LP: How have you broken through in the media, which also largely accepted shareholder value?
WL: Well first, from the time we met at the Institute for New Economic Thinking’s (INET) 2011 conference, you helped me expose my stuff on the blogs and through the ebooks you put together. That’s critical, being able to work with people to get the ideas out there without dumbing them down. I have found that it requires long-term partnerships with people who will devote time to understanding the work. Ken Jacobson, also a journalist, has also been a great help.
After working with you, I got an article on stock buybacks published in the Harvard Business Review in 2014. There’s no doubt that that gave me the most visibility and credibility of anything I’ve written. The editor there, Steve Prokesch, is deeply concerned about economic inequality. I didn’t need to dumb things down for him and he was able to work with me on the article for well over a year.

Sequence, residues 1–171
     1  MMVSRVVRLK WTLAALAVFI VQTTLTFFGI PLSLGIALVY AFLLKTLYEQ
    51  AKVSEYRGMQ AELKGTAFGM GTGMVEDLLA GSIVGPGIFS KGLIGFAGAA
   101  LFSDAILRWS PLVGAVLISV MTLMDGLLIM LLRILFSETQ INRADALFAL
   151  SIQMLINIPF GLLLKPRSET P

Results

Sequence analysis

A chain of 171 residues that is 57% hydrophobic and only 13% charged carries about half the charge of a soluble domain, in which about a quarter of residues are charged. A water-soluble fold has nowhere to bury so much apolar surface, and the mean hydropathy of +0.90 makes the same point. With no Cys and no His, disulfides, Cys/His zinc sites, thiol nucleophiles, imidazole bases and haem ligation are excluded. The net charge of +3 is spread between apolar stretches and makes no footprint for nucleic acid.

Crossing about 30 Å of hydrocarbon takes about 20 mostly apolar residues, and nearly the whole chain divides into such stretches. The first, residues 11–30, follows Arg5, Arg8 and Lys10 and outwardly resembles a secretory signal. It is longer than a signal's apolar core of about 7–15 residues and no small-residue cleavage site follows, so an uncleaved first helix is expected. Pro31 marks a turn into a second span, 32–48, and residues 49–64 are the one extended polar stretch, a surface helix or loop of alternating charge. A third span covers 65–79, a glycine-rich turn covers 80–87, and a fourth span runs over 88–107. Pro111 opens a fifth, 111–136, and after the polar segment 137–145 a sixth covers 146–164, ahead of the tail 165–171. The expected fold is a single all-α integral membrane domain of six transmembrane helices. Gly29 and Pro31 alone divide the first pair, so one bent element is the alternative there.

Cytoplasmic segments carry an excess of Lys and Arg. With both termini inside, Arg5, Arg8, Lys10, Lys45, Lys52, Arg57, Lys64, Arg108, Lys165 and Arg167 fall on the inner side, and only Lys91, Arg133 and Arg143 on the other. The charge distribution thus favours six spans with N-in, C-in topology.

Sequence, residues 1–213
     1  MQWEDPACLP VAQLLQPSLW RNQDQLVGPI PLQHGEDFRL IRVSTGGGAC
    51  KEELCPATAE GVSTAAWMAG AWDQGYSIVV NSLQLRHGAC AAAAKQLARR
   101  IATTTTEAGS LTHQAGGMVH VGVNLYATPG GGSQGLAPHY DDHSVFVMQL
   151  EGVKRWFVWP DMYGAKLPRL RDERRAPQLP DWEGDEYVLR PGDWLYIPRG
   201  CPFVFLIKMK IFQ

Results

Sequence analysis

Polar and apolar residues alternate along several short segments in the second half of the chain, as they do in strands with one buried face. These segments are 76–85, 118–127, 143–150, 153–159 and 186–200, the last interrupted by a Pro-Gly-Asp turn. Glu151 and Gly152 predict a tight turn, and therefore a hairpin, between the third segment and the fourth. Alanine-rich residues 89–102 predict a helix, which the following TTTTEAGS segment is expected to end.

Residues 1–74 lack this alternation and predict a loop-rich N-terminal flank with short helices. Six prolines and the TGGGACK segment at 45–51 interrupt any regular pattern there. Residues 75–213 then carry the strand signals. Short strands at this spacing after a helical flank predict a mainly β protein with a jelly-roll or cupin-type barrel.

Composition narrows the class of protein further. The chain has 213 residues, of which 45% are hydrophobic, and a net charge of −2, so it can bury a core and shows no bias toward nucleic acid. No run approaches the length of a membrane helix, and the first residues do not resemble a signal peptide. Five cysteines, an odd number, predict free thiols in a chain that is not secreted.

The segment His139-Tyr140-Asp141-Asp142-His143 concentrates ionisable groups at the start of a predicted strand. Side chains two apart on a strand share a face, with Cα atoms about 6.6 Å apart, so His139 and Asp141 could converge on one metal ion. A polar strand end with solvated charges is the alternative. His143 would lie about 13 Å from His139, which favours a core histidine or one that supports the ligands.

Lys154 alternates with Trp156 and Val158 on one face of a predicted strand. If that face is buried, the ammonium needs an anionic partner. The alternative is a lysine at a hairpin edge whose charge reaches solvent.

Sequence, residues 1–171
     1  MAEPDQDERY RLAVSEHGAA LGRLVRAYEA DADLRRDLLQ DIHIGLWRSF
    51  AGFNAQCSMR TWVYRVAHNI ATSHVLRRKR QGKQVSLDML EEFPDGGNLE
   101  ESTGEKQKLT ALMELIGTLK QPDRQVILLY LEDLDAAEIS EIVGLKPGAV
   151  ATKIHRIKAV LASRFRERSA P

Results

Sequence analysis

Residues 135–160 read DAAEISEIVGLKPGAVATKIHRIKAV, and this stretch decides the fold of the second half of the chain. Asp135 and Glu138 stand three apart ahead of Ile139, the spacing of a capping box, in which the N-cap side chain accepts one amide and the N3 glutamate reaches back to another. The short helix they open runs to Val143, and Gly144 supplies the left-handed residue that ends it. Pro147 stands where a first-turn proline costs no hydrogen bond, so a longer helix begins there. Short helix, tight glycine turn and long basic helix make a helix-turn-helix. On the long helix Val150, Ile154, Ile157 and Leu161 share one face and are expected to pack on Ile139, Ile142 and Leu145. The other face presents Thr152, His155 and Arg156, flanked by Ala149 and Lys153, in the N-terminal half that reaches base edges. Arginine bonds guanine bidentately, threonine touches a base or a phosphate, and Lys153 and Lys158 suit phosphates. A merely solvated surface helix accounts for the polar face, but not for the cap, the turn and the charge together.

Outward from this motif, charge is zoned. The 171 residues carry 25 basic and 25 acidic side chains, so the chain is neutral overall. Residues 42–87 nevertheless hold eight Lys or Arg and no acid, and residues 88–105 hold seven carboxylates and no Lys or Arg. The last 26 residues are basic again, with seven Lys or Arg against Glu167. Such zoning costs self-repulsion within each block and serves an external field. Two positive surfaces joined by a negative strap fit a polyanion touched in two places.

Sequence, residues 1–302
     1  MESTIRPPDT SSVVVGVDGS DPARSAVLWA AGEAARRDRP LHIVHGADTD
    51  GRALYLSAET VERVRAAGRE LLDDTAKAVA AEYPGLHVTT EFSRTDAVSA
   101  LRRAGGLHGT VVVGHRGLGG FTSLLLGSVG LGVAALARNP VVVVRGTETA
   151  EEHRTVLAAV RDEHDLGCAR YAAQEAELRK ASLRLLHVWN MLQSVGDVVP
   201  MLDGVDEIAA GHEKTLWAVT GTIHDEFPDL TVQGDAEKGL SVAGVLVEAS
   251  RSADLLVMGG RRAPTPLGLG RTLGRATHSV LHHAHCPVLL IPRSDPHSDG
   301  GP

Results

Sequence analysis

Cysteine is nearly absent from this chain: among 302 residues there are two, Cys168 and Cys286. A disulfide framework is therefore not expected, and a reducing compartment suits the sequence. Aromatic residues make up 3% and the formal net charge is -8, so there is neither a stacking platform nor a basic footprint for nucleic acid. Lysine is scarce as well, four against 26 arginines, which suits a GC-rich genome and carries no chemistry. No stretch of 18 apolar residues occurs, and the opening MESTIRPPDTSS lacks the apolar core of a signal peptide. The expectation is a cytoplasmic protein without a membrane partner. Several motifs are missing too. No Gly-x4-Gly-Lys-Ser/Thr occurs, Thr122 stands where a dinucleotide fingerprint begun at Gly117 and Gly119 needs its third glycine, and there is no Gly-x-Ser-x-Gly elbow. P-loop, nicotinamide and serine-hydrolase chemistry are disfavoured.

A certain amount of persistence is necessary, and taking advantage of various networks, in my case, networks of people who were critical of the economics status quo. That’s one of the many benefits that I have had from INET.
LP: What advice can you give to economic thinkers, especially young ones, whose ideas threaten the status quo?
WL: Keep learning, because the world is changing and you have to keep up with it. In recent years, for example, through INET funding, I’ve been able to study the pharmaceutical industry, which has been doing a lot of harm. You have to keep asking the questions. Then, once you get out there, you start talking to different audiences, and then they start writing critiques of their own. It carries on.